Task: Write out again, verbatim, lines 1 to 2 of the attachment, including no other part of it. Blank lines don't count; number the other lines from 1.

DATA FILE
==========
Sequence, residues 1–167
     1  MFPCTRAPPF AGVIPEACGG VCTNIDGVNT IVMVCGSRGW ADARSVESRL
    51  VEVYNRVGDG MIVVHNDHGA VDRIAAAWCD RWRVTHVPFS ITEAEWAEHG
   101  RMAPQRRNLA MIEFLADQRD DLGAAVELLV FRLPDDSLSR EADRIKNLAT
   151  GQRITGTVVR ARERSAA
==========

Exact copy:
Sequence, residues 1–167
     1  MFPCTRAPPF AGVIPEACGG VCTNIDGVNT IVMVCGSRGW ADARSVESRL